Monday, March 29, 2010

Canine Athletes - A Rare Breed

We know that all dogs need regular exercise to stay healthy and happy but canine athletes need further conditioning to build up their stamina and improve athletic performance.  If you've ever done a long hike or taken a long bike ride after being a lump on the couch for most of the winter, you know what I mean.   The soreness you experience the next day is a good indication of the importance of conditioning.  Sled dogs may race 1,000 miles in less than ten days and peak performance herding dogs can cover as much as 100 miles a day.  This information should really make you appreciate how much work goes into conditioning a dog for this type of exercise.  The average domesticated dog would not be able to handle this regime. 

If you are interested in helping your dog become a canine athlete, please help your dog avoid the Weekend Warrior Syndrome by gradually increasing their level of activity and length of time spent doing that activity.  It will go a long way in keeping your dog happy and safe from strains or potential injury. 

Along with the physical conditioning we need to remember the mental conditioning as well.

With both humans and dogs, stress is just a natural element in competition.  It comes not only from physical exertion but also from the psychological pressures of traveling in the car, noise, hot or cold temperatures and even the presence of spectators.  Don't think that your dog is not aware or influenced by those factors because they can effect them just as much and sometimes even more than with us.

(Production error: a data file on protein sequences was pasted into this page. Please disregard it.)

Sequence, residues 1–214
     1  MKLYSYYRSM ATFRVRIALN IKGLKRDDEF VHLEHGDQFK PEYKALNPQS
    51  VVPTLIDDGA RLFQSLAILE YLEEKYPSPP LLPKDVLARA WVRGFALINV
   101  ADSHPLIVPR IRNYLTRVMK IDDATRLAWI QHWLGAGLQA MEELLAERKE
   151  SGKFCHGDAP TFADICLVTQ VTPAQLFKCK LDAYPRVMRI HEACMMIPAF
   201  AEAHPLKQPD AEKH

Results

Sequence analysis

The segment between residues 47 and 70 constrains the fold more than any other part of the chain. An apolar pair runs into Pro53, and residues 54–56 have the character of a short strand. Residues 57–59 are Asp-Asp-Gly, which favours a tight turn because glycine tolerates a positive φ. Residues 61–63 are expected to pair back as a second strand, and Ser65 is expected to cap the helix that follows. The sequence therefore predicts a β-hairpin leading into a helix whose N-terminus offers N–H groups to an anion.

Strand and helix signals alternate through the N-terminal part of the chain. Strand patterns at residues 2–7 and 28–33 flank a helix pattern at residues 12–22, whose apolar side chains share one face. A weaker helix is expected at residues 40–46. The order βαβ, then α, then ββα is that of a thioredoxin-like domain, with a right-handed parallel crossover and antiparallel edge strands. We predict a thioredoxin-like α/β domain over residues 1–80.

The best canine athlete is a confident dog and is well socialized with both other dogs and humans.  They are comfortable with being handled by many different people from birth and they are exposed to all different types of environments, sights and sounds.  They are used to riding in a car, going to the vet, attending training classes and play groups and dealing with crowded places like an outdoor shopping mall with confidence.

By introducing them to all these experiences, you will help them become better able to deal with the stresses of competition.

Most importantly, you should be able to recognize whether your dog has a desire to win.  Just like we can "tell" with humans, we can too with dogs.  Some dogs just have an innate desire to win or push themselves, others just aren't that excited about chasing a rabbit or jumping through a hoop.  Those dogs can still have fun in canine sporting activities, just don't push them and expect them to be at the top of the competitors list if they don't have that drive.  It's up to you to recognize and not push if they are not interested.  Your ability to recognize their lack of desire will go a long way in avoiding stressful situations.

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